US Military News, Reports, Data, etc.


Lieutenant General
Okay why not? Any product produce today can be made for war. o_O

Microsoft workers don’t want the U.S. Army to use their products for war

Employees are protesting a contract supplying the military with HoloLens headsets

Stephen Brashear/Getty Images
A Microsoft senior product marketing manager demonstrates the Microsoft HoloLens with a colleague (on screen) during the Microsoft Annual Shareholders Meeting in 2018.

A group of Microsoft workers is demanding the company cancel a contract supplying the U.S. Army with HoloLens headsets that they say would turn real-world battlefields into a video game.

Microsoft’s head-mounted HoloLens displays use augmented reality, which means viewers can see virtual imagery superimposed over the scenery in front of them.

A letter signed by more than 50 Microsoft
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employees Friday and circulated on an internal messaging board said the technology could help soldiers spot — and kill — adversaries on the battlefield.

They say they “refuse to create technology for warfare and oppression.”

“We did not sign up to develop weapons, and we demand a say in how our work is used,” the letter says. It asks Microsoft CEO Satya Nadella and President Brad Smith to cancel a $480 million contract the Army announced in November.

Microsoft said in a statement Friday that it is committed to working with the military, including the Army under the HoloLens contract.

Microsoft pointed to an October blog post by Smith saying those who defend the U.S. should have “access to the nation’s best technology.” The company added it will continue to address “important ethical and public policy issues relating to (artificial intelligence) and the military.”

Military bidding documents say the new technology — which the Army calls its Integrated Visual Augmentation System — will be used for both training and warfighting. The Army’s stated aim is to bring more situational awareness to troops so that they become more lethal and mobile.

The protesting workers say it means HoloLens, better known for its business and entertainment applications, will be used to help kill.

The protesting workers write that “it will be deployed on the battlefield, and works by turning warfare into a simulated ‘video game,’ further distancing soldiers from the grim stakes of war and the reality of bloodshed.” The Army didn’t immediately respond to a request for comment Friday.

The letter also asks Microsoft to stop building any weapons technologies and appoint an independent ethics review board to determine acceptable uses of Microsoft technology.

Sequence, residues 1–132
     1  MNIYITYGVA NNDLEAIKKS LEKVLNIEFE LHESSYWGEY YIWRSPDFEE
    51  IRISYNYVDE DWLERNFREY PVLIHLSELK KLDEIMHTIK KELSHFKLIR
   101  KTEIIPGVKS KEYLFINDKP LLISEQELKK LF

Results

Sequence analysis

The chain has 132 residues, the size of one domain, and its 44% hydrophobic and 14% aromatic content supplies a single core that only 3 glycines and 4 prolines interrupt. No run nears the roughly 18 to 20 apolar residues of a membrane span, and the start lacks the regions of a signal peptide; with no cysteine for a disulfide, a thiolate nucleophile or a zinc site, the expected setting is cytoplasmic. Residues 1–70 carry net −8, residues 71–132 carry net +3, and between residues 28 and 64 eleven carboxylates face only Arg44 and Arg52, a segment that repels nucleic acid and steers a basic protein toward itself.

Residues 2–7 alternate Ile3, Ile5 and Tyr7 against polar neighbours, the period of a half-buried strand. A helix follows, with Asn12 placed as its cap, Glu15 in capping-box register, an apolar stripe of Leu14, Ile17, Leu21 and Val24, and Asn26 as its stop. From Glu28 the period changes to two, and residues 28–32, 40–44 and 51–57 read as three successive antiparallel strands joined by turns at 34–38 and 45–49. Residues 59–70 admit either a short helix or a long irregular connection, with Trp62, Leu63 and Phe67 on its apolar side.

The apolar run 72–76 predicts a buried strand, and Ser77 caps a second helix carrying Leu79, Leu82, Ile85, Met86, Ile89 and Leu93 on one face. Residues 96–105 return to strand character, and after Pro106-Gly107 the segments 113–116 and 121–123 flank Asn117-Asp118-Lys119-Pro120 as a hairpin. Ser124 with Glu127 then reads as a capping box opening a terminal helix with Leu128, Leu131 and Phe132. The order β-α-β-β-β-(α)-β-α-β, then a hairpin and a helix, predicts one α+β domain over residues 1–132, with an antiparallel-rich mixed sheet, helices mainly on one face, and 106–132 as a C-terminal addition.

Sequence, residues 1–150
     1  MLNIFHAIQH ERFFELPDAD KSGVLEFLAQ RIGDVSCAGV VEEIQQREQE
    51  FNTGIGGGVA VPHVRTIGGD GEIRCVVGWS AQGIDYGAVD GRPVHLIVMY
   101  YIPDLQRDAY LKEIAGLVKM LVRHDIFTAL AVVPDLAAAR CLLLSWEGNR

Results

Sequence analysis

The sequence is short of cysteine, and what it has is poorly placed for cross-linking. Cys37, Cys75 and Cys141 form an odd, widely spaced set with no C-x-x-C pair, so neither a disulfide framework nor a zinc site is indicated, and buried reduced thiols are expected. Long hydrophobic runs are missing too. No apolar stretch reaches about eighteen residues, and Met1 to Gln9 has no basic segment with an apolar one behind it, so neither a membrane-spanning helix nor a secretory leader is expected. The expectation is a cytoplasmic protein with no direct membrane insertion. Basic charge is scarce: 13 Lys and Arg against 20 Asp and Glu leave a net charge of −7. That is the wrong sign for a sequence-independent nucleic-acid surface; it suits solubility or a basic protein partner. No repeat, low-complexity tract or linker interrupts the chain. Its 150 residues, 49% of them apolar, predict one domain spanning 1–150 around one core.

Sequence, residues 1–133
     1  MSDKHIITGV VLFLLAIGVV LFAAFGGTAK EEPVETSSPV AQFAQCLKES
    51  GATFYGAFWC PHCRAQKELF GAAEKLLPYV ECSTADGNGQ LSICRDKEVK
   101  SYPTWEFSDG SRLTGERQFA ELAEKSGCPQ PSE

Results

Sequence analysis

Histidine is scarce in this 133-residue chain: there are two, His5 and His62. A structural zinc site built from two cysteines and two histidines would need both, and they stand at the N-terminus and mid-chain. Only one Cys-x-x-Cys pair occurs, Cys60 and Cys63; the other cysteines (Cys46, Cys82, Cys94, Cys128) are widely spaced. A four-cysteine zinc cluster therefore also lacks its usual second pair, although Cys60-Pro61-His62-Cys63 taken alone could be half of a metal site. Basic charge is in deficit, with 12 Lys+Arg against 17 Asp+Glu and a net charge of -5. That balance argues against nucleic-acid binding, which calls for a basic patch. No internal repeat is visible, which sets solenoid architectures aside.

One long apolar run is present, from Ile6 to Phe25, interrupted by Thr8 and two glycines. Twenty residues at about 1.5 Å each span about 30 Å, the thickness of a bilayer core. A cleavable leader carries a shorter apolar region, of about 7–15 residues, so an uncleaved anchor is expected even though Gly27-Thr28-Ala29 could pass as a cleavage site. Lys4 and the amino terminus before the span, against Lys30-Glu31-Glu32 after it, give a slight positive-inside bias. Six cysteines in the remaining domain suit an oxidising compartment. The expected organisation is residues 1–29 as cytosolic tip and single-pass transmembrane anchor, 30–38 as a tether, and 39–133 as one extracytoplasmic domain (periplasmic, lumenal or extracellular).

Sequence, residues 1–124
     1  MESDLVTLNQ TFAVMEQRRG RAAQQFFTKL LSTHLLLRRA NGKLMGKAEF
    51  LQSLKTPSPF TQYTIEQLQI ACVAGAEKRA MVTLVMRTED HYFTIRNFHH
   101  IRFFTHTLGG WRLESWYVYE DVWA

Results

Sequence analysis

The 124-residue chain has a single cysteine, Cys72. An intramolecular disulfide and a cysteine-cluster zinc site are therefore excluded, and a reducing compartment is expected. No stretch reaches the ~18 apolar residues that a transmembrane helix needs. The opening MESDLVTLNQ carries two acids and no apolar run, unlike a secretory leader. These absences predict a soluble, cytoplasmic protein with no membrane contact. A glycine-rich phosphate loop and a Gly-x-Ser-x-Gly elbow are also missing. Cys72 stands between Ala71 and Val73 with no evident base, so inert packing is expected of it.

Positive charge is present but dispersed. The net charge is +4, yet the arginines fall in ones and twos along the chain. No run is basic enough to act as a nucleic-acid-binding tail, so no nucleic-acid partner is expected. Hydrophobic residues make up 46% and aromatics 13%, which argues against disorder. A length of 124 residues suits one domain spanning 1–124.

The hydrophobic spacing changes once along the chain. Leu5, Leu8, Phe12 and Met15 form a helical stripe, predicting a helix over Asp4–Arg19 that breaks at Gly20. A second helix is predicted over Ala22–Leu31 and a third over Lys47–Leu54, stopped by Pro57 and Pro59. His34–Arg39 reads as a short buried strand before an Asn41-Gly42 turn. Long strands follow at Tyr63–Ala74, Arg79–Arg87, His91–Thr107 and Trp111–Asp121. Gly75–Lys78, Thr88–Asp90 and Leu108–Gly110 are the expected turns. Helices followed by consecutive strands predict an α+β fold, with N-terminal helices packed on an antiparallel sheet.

The internal unrest over the Army contract follows a year of activism by tech workers who have become increasingly emboldened to voice their concerns about how their products are applied. A similar employee protest at Google
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last year contributed to the company dropping out of the military’s Project Maven, which uses artificial intelligence to analyze aerial images from combat zones. Microsoft workers also last year raised public concerns and circulated an open letter protesting the company’s work with U.S. immigration authorities.

Microsoft under Nadella has sought to distinguish itself as an ethically minded corporation that takes care to use its technological advances in ways that benefit society. The employee protest letter Friday acknowledged some of those efforts but said more needs to be done to inform engineers of the intent of the software they’re building.

It also comes as Nadella is expected to unveil a new generation of HoloLens headsets Sunday at the Mobile World Conference in Barcelona, Spain.

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Tyrant King
Google already did that when they walked out of joint programs with the DOD... Yet partnered with a PRC program.
It's Politics. "Moral Superiority" even at the cost of there own livelihood.
Elsewhere in California a self proclaimed Sanctuary city was reported to have enacted policies blocking contracts to companies they claim help ICE. Well Amazon supports Government computer systems so they would have to cut them out... But Amazon operates the cities computers.
Nov 20, 2017
cross-posting from
F-22 Raptor Thread
about Raptors bombing poppy fields:
U.S. F-22 Stealth Jets Perform Raptor’s First Ever Air Strike In Afghanistan Employing Small Diameter Bombs
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The U.S. Sent Its Most Advanced Fighter Jets to Blow Up Cheap Opium Labs. Now It's Canceling the Program
February 21, 2019
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Jul 27, 2018
interestingly, The Marines Are Harvesting JLTV Parts from Old Humvees
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The newly fielded Joint Light Tactical Vehicle is ‘not operationally suitable’
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The military’s newest
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has problems with its maintenance, reliability and crew situational awareness and its most heavily armed version has been deemed “not operationally effective” in a Pentagon report.